In August, Edwards called out the restaurant for being “extremely reckless and irresponsible” and said during a news conference “there’s no doubt they’re contributing to the spread of the virus.”

Jeff Wittenbrink, the lawyer representing the restaurant, said federal health privacy laws prevent employers from asking customers and workers to disclose health conditions, and the governor’s order makes exceptions for people who can’t wear masks due to medical conditions.

By openly telling employees and customers aren’t required to cover their faces, Bunch said it leaves it up to people whether they want to eat there or not.

"If you have a jeopardized immune system, maybe you don't want to come,” she said. “It's your choice, but I want you to understand what we're doing here."

The Health Department’s actions marked the first time a state agency moved to close a restaurant for not following Edwards' emergency order. They argue the restaurant is causing irreparable harm to public health.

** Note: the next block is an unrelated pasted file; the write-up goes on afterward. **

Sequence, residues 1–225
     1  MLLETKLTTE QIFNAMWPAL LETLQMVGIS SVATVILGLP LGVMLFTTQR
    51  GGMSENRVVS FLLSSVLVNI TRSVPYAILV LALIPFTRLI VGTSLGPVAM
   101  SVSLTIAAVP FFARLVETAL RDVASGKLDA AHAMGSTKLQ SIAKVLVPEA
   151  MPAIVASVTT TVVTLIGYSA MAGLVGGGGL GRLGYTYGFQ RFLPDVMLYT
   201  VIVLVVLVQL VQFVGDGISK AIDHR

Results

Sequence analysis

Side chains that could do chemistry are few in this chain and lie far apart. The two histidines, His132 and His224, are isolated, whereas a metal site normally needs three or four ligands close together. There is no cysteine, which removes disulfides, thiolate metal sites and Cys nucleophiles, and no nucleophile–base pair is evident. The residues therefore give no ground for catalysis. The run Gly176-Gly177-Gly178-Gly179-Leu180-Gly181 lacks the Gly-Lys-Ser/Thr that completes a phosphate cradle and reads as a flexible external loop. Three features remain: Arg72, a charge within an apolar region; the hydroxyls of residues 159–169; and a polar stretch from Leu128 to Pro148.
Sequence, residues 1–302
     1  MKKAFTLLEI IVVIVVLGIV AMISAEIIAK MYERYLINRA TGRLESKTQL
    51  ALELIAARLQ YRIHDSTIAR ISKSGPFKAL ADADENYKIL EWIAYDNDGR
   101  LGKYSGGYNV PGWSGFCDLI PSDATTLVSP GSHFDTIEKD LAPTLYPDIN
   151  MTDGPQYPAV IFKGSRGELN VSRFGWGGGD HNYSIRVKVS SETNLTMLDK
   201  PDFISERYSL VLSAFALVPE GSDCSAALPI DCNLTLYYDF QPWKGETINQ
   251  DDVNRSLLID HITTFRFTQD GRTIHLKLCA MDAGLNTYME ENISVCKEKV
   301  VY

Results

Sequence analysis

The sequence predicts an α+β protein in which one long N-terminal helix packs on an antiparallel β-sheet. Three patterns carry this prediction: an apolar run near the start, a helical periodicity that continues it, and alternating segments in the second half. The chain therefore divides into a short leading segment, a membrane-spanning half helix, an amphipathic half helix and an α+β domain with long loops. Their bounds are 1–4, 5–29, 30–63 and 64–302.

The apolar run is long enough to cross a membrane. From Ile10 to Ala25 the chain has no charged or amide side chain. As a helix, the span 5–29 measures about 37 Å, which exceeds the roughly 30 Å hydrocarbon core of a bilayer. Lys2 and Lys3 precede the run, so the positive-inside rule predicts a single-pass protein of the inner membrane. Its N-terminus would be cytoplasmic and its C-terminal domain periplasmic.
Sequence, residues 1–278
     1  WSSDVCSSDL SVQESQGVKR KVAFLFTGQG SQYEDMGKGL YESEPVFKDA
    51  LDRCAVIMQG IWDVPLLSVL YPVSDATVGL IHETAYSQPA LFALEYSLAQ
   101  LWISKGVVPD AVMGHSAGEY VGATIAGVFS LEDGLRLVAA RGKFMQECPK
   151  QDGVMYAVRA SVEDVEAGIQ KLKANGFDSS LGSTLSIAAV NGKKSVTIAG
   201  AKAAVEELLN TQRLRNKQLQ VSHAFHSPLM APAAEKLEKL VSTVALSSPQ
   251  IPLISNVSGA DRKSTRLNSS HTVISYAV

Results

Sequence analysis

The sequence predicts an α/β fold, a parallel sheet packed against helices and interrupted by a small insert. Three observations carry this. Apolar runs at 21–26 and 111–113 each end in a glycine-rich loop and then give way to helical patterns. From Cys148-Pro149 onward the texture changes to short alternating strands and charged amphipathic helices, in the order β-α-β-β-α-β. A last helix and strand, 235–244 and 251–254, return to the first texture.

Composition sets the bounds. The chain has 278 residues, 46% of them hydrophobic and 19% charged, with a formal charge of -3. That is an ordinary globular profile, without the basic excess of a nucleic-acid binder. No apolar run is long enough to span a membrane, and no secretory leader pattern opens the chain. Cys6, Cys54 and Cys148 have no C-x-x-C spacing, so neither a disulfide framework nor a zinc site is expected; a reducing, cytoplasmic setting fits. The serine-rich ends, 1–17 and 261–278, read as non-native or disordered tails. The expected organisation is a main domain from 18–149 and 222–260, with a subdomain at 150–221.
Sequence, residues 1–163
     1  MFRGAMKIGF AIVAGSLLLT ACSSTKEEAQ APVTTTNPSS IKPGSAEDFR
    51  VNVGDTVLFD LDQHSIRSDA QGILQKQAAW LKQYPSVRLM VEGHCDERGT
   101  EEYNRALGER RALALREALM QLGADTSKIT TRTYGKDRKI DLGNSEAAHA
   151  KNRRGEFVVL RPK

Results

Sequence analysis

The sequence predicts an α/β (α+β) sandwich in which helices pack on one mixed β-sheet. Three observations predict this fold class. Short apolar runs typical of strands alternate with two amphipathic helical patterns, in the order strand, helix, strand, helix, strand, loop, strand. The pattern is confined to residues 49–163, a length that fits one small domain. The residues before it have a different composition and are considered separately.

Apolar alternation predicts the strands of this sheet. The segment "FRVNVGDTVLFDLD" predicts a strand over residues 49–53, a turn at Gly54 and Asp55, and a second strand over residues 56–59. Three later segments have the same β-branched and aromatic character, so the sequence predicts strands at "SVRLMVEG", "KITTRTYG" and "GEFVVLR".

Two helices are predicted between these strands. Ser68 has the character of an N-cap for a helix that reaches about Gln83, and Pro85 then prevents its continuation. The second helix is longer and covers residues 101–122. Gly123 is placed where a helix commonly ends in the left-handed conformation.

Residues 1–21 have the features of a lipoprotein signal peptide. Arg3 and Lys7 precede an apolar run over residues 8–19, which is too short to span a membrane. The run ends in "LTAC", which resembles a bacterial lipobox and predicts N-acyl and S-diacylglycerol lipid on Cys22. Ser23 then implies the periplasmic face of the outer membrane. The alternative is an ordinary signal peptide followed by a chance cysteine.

Edwards’ administration previously took action on bars after ordering them to close, a move that was challenged in federal court by bar owners in the New Orleans and Houma areas and prompted a similar federal lawsuit in Acadiana.

The outcomes of those cases bolstered the state’s position that it can enforce public health mandates after both judges ruled the governor's bar-closure order was constitutional.

Attorney General Jeff Landry has said the restaurant has the right to not obey the governor’s order. However, neither Landry's opinion nor any court filings supporting Firehouse carry the force of law but can be presented in court.

Numerous public health experts have stressed the importance of face coverings, saying they limit the spread of viral droplets from the wearer to others. Since an unknown number of people can contract the virus before developing symptoms, if any at all, face-coverings are vital to prevent people from unknowingly spreading the virus.

Mask-wearing and social distancing practices have helped lower the number of new cases in Louisiana, according to statistics cited by the state.

"We've made a lot of progress, and we're worried we're going to lose all of that progress," Block said. "We have to be vigilant about it."

Email Youssef Rddad at, and follow him on Twitter @youssefrddad